The steps to becoming an experience company

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Even when one is convinced that the future of marketing is customer experience, that there’s no customer experience without employee experience and that the whole approach has a sound economic value, pragmatism forces to realize that the stairway is long and the steps high.

No company becomes an experience company in one day expect if it’s experience born. I’ll elaborate more about the idea of experience company later since I surprised myself using the word more and more often, even unconsciously. Let’s say that it’s a business that manages its experience like a strategic asset and, so, uses experience as a business model framework. From my perspective it’s a good way to achieve its digital transformation because the concepts are very close and even melt sometimes.

No company becomes an experience company in one day

However, no matter how huge the work is, no one should be impressed or afraid. Changing everything in one day is illusory and the process follows a certain numver of steps that allow a business to grow its maturity.

1°) Experience as a marketing and communication artifice

At the beginning one must start from what exists. Products and processes that are not optimized for experience. Before changing the world (and convincing others that it’s worth), one needs quick wins.

So it’s logical and natural to start with communication and marketing to improve the existing without having the time and means to change what’s structuring.

Some may call it window-dressing but, in my opinion, that’s the fist indispensable step that helps to learn and get quick results.

Of course it’s only about looking good and it won’t hide deeper weaknesses for a long time. Hence the second step.

Be cautious : staying at this stage may be dangerous. It’s all about the promise, most of all the perceived promise. It the gap with reality is too big and grows, the tactic will become counterproductive.

Communication raises expectations without improving what’s delivered

2°) Experience through services

Changing anything in a product is not trivial, takes time and need investment. Such a decision must be made carefully and we’re too early in the process to do so at this stage.

On the other hand it’s possible to go deeper, beyond communication, by working on the service and the associated services. The service is the way the customer is treated, the services are value added offers that add to the original offer.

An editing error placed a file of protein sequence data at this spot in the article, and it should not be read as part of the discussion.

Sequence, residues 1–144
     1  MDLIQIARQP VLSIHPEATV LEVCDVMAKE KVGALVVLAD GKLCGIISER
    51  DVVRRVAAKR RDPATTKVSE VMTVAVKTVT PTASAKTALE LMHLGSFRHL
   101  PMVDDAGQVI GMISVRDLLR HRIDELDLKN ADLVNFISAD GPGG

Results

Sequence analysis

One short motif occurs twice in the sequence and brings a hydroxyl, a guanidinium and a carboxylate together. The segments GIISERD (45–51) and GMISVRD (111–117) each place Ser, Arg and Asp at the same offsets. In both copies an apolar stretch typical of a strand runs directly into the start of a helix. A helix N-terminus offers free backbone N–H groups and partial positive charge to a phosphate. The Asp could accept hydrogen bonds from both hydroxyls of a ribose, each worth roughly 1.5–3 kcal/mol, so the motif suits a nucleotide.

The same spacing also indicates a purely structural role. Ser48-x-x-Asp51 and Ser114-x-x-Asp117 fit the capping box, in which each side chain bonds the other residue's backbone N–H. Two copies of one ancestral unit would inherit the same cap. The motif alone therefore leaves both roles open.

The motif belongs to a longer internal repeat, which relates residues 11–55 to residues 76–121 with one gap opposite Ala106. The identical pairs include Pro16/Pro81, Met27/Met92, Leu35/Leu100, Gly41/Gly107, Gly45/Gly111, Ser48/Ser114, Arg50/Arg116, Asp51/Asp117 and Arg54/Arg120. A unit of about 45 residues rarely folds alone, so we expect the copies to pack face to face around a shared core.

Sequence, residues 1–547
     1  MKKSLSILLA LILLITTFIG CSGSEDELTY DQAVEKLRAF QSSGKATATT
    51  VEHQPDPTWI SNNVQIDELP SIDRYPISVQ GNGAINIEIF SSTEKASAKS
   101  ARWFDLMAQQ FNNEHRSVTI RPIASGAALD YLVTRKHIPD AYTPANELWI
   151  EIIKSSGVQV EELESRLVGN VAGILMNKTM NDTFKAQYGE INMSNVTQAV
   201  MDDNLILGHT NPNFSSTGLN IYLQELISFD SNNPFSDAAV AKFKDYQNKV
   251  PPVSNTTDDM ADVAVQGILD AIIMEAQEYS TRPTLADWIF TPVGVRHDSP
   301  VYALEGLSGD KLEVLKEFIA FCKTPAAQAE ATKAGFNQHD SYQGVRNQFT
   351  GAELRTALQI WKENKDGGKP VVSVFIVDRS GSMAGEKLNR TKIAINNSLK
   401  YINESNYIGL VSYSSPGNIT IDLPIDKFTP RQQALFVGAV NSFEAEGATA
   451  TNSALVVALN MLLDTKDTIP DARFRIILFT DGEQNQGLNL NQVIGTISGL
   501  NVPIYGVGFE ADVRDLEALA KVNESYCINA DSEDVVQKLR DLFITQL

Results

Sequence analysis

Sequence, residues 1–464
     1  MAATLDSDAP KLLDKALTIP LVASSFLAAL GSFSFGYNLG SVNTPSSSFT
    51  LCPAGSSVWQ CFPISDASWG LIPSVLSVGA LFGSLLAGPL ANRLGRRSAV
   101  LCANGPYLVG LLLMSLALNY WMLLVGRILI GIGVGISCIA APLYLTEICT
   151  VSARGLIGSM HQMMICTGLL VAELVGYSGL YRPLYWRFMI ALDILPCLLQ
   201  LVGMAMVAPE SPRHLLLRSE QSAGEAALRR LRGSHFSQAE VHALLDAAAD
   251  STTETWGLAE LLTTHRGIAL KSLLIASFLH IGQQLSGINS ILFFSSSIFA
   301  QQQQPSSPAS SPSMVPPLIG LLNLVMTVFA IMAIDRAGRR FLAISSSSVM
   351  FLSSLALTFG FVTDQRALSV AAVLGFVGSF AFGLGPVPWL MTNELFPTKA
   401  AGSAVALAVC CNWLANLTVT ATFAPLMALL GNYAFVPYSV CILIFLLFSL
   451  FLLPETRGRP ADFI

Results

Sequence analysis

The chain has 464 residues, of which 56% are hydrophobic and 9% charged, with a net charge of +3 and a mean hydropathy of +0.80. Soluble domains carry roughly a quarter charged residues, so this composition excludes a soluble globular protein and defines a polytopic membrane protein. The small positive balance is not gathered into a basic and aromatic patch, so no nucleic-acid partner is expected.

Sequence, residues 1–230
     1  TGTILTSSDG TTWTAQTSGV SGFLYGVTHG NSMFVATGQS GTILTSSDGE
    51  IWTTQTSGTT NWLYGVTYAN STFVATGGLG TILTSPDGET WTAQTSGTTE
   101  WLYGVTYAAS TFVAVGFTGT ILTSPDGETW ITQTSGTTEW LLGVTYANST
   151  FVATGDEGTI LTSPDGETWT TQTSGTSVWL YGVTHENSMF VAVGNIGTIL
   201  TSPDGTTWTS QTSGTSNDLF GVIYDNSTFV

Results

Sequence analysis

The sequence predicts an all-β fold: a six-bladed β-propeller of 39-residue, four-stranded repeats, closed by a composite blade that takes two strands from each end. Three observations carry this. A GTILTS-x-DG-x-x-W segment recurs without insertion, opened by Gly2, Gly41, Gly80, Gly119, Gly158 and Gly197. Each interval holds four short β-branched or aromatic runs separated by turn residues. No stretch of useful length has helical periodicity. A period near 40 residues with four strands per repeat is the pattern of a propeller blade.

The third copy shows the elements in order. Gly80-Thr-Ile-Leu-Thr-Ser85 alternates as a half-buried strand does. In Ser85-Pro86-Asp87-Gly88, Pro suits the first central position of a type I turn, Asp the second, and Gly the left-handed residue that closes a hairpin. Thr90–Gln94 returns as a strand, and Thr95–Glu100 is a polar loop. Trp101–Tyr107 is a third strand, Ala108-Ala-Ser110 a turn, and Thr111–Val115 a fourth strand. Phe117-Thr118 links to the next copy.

Here, the impact is bigger on the delivered value even if the core product does not change.

3°) Services integration

Subtle difference with the previous step, products and services are designed jointly. One step upward in the value chain. The product and the associated services are designed as a single and integrated offer. At this stage it’s possible to build synergies, new experiences and change the business model. In many case the product will become a service, its purpose will be to convey services ad experiences. At a certain point the product may even disappear from the financial equation, become free, because it’s the entry door for paying value added services which are the experience the customer is ready to pay for and even subscribe on the long term. What means recurring revenue.

This leads to the well know concept of product servicization

4°)Horizontally integrated experience

This stage  may happen simultaneously with the previous one or come just after. It’s a matter of maturity. Experience and experience delivery are designed jointly. It requires marketing, HR, IT (at least) to participate in the design process to align outputs with means.

Experience is the result of the product dissolving in the services

5°) Experience as a strategic asset

Experience becomes the business model and the value of both the company and the brand. It’s managed at the highest level and irrigates any enterprise process and methodology. It’s nothing more that formalizing the previous step with some new elements.

That’s when the question of valuing the enterprise experience will raise. But that’s only prospective at the time I’m writing.

When we see how much digital can contribute to that in a quick and scalable way (but not only, physical and digital must work together), when we understand that an experience company aligns internal operations with the promise made to the customer, we’re not that far from the definition of a business that has achieved its digital transformation.

Image Credit : Climbing by Photobac via Shutterstock